The new moon eve of 14 January was marked by many classical dance recitals, but it was not difficult to decide to go and watch a well-known challenger at various classical dance competitions and this year’s Balashree title awardee whose YouTube videos brought her the worldwide popularity.
The disciple of Sheela Unnikrishnan of Sri Devi Nrithyalaya, Harinie Jeevitha’s recital began with a seldom performed Sadhanchittha in bouli raga and kandachapu tala dedicated to nagarishi Patanjali. A meditative 2-minute spell of solo vocal music was accompanying the astonishingly supple danseuse as her spectacular poses, reminiscent of Yoga Sutras, were changing each other in a seamless, snake-like flow that was perhaps more suitable for the Odissi technique that some Bharatanatyam dancers, such as Alarmel Valli, have mastered. The introduction was followed by the brisk and intricate nritya portraying the naga rishi, who went to seek Nataraja’s darshan and initially confronted by Nandi guarding Shiva’s abode. Harinie’s every move was harmoniously matched by a spontaneous change in her beautiful face. In tune with the item’s fiery nature, the slender danseuse’s red costume was fluttering across the stage in such vigorous dancing that one of the arm bracelets didn’t sustain it.
The following 38-minutes varnam, Ganam Isaitu in ragamalika and adi tala, began with the a two-minute prelude of abhinaya depicting the Virahotkantita nayika pleading with Lord Krishna to reveal himself.
Harinie’s abhinaya was sophisticated, her bhavas deep and often very intense. Sometimes her the depictions of the hopeful yearning, astonishment and despondence were too staggering. Why would a Bharatanatyam dancer portray the uttama characters, such as a Pandava queen being dragged into the court by Dushasana, in a manner vaguely reminiscent of Saroja Devi’s acting? While the 15-year-old girl excelled in the lasya abhinaya, her extremely feminine nature seeped through in the depiction of Karna, the greatest warrior of Mahābhārata, when he was stoically pulling out Arjuna’s arrow out of his heart.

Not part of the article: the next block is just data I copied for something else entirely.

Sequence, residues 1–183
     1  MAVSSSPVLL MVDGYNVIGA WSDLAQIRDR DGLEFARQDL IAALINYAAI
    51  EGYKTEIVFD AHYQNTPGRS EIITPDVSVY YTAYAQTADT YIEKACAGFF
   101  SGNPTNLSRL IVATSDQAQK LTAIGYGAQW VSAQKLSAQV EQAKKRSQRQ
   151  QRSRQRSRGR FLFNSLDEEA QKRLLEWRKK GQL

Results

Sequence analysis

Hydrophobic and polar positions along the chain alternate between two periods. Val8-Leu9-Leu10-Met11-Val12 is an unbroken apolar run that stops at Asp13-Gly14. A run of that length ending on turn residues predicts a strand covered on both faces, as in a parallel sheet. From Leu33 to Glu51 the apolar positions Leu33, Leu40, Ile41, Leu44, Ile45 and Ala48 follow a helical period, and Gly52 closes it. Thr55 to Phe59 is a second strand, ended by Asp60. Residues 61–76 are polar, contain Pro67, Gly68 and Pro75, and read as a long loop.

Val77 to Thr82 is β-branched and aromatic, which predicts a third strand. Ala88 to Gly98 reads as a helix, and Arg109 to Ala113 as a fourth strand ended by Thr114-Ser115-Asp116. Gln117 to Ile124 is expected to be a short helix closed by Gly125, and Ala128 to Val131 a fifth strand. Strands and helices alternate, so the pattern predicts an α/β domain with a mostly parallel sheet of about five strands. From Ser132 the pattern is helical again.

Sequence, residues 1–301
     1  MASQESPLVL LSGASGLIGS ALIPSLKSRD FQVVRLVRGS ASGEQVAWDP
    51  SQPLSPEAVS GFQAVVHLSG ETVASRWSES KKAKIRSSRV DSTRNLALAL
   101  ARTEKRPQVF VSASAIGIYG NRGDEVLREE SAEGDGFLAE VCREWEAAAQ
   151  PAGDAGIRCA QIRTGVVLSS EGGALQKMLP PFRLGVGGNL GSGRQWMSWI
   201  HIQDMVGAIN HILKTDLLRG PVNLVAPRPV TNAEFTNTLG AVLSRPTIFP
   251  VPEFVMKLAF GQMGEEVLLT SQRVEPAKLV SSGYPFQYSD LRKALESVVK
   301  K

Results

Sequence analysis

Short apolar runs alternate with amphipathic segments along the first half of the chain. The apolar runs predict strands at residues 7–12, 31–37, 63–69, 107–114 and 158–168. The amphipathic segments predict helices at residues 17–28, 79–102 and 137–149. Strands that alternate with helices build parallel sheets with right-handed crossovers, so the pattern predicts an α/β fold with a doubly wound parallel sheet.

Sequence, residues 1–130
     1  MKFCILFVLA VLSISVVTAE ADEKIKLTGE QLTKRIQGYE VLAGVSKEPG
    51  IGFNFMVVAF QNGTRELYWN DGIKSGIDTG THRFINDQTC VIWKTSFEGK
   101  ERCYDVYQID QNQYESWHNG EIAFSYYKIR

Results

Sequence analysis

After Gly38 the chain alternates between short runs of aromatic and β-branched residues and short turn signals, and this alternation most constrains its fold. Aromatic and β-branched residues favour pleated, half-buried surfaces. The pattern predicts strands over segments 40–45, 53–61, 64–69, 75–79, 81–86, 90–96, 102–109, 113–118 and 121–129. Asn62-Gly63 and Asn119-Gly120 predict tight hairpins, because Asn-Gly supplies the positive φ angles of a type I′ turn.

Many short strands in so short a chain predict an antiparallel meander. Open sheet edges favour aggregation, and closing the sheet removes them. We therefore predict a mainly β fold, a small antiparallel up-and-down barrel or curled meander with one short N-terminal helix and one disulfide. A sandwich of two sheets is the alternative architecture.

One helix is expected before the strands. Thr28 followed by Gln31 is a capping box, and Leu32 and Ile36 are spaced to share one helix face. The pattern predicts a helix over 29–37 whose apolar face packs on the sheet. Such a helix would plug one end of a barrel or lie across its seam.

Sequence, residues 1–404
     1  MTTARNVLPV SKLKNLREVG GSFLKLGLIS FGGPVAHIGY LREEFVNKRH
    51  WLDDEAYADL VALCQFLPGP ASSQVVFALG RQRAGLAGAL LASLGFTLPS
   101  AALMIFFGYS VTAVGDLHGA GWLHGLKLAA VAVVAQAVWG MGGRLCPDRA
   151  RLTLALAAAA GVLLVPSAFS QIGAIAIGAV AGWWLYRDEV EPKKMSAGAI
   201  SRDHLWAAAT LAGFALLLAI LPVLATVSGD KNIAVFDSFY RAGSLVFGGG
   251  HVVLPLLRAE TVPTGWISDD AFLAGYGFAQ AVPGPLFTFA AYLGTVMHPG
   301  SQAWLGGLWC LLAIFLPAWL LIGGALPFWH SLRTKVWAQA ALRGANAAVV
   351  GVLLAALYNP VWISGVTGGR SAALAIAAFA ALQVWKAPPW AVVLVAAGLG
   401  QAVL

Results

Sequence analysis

Sri Lingaraj Urs’s padam Sringara Lahari brought the sleepy raga Nilanbari. Harinie depicted Devi in her many aspects, actions and relationships. Being far from the most exciting or popular padam in the Bharatanatyam repertoire, presenting this item without putting the rasikas to sleep is an enormous task for the most gifted choreographers and dancers. That Sri Devi Nrithyalaya’s put a major effort in resuscitating it for the stage performance, althought the absense of a veena in the orchestra was a significant drawback. The amazingly nimble danseuse exhibited her natural grace and acute sense of laya in the harmoniously blending perfectly-chiselled poses, gestures and expressions in the intricate nritya, as well as the nritta that spiced up the even-paced, monotonous padam.
Periasamy Tooran’s Keerthanam Muruganin Maru Peyar Azhagu in raga behag in kanda chapu tala let the dancer to display the full range of nuances of the vatsalya bhava as she was presenting Lord Murugan as a child. The artiste’s mobile face did it with childlike delicate spontaneity, liveliness and charm, producing many expressions of which an adult dancer would feel too inhibited to display. This Keerthanam was performed without any instrumental music, which proved to be a failed attempt as the singer’s virtuosity was far from the level of G. N. Balasubramaniam. As if in a wrongly dubbed movie, it was odd to see the danseuse’s lip movements being accompanied by a husky male voice throughout the padam. The 150-strong audience were clearly not very enthusiastic about it as a third of them left the Obul Reddy Hall as soon as the item ended.
The programme ended with a sprightly Kathanakuthuhalam thillana composed by Dr. Balamuralikrishna. This item too offered an abundance of intricate poses, some of which can only be found in Sri Devi Nrithyalaya’s choreography, and complex adavus of the Melattur style.
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